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Luna Negra Dance Company

'Eterno Despertar', 'Enamorados', 'The Last 12 Minutes', 'Quinceanera'

by Carmel Morgan

February 10, 2007 -- Buckman Performing and Fine Arts Center, Memphis, Tennessee

Dancers from the Luna Negra Dance Theater, a contemporary Latin dance troupe, generated some welcome heat on February 10, 2006 at the Buckman Performing and Fine Arts Center in Memphis, Tennessee. The dancing was not the stereotypical flamenco, tango, or salsa one might expect from a dance company whose mission is to highlight Latino choreographers.  Instead, the evening’s performance introduced a rich mix of modern dance blended with Latin flavors.

First on the menu was “Eterno Despertar (Eternal Awakening),” a stunning work by Cuban-born choreographer Maray Gutierrez.  The faint sound of lapping waves set the stage for a tension-filled piece that showcased not only the incredible strength of the dancers but also their impressive artistry.  Two couples, alternating partners, hurled into one another with endless tugs and pulls, mirroring the ebb and flow of the sea.

“Enamorados (The Lovers),” by Pedro Ruiz, offered more familiar Latin fare.  This duet featured some Latin sizzle, complete with predictable hip swivels and sultry stares.  Accompanied by the rhythm of a guitar, Vanessa Valecillos and Ricardo J. Garcia engaged in a series of lifts and spins as they tempted and teased each other, a lovers’ passion beautifully portrayed.

Choreographer Ron DeJesus, who danced for seventeen seasons with Hubbard Street Dance Chicago, presented a dark, thought-provoking work in “The Last 12 Minutes.”  A lone dancer in a short black dress faces the group with her back to the audience. Who is she? Who are they? Whatever their relationship is meant to be, it is full of strife.  Anemone-like hand gestures and lovely leg extensions added depth to the drama.  Shadows and shafts of light enhanced the various changes in dynamics and successfully evoked the other-worldly atmosphere.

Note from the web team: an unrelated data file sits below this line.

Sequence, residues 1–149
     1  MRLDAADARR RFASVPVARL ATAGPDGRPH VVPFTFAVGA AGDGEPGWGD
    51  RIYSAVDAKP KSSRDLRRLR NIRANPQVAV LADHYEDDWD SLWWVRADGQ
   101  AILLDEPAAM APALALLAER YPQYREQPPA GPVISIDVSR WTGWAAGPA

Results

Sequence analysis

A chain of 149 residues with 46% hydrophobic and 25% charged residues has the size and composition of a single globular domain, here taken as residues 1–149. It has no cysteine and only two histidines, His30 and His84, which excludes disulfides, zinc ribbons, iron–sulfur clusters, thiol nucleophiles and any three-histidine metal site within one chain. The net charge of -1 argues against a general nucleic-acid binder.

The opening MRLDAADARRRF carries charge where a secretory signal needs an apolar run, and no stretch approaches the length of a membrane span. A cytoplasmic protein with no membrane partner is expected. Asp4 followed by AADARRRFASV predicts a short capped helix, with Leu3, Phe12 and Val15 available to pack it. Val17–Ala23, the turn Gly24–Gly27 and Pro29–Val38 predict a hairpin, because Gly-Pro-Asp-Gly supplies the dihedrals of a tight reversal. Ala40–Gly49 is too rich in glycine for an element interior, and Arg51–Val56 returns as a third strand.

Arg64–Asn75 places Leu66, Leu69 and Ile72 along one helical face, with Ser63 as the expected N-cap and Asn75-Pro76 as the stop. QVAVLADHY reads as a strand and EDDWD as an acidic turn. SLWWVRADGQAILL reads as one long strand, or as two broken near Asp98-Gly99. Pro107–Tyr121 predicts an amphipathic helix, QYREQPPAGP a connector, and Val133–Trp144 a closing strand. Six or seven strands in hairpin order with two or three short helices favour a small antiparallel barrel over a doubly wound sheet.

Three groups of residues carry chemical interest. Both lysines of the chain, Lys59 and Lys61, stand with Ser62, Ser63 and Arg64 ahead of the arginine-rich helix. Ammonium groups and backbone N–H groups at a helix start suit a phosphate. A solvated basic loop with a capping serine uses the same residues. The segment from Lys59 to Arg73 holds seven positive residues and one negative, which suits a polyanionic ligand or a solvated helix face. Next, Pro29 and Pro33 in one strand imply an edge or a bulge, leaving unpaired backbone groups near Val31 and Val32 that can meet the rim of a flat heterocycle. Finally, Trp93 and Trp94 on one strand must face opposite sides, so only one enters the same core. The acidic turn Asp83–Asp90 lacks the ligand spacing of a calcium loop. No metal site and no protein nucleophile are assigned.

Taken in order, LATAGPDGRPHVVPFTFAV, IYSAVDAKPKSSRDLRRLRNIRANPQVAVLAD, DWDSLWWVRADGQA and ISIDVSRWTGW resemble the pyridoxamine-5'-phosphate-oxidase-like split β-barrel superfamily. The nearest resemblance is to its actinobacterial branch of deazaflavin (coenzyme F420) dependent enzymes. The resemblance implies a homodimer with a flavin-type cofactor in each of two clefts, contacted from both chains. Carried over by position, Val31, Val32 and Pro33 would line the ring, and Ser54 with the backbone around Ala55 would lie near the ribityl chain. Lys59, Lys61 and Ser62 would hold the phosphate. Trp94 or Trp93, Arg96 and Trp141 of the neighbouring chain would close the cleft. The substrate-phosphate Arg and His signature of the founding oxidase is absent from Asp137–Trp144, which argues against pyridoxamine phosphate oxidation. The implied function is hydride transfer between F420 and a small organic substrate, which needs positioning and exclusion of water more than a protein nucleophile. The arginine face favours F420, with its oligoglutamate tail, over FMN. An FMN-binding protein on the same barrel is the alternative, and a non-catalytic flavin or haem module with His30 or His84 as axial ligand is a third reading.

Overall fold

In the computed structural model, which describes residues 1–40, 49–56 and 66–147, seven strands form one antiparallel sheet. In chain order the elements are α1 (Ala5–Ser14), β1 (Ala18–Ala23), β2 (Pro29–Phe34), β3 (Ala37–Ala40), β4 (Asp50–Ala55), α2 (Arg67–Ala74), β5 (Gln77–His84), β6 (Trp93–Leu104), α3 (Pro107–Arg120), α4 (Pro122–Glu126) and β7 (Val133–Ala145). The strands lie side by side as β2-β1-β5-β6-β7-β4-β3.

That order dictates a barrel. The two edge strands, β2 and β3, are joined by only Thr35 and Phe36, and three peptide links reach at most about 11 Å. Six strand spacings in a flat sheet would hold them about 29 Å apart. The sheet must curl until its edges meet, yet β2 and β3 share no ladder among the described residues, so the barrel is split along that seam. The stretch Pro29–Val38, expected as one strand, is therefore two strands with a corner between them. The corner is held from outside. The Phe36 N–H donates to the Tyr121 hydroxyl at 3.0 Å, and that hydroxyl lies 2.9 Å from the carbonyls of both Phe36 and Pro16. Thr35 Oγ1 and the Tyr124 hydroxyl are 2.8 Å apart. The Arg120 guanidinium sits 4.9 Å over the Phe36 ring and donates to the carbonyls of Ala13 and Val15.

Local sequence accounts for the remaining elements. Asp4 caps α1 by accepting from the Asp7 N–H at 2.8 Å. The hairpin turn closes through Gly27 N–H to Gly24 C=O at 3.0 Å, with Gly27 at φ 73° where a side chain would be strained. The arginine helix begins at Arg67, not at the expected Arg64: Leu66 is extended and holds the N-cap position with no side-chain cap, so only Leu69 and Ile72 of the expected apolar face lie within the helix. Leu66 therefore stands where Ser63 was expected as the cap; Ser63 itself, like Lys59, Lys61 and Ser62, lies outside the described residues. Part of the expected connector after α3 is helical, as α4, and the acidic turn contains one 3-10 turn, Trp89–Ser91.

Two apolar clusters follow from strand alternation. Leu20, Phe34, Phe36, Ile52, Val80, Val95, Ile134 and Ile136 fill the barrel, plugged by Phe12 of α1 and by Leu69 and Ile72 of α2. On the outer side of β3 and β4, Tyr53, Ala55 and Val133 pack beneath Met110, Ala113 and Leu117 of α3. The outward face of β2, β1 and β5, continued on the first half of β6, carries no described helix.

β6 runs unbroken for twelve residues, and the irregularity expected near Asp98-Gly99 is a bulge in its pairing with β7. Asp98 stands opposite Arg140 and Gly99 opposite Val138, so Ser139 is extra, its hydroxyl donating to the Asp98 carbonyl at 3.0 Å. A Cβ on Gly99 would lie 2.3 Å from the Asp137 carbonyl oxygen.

The most entertaining work of the evening was the final piece, “Quinceanera (Sweet 15),” by Luna Negra’s founder and artistic director, Eduardo Vilaro. This piece perhaps best accomplished the blending of Latin culture and contemporary dance.  Wit and whimsy is seen throughout the work, which is almost equal parts theater and dance. Girlhood dreams and anxieties come to life through the vivid costumes: candy-colored tuxedo vests for the men and brightly-hued, almost clownish, layered tulle dresses for the women.

Luna Negra treated those anticipating traditional Latin dance to a show that shattered cultural stereotypes while still providing a taste of well-loved Latin spice.

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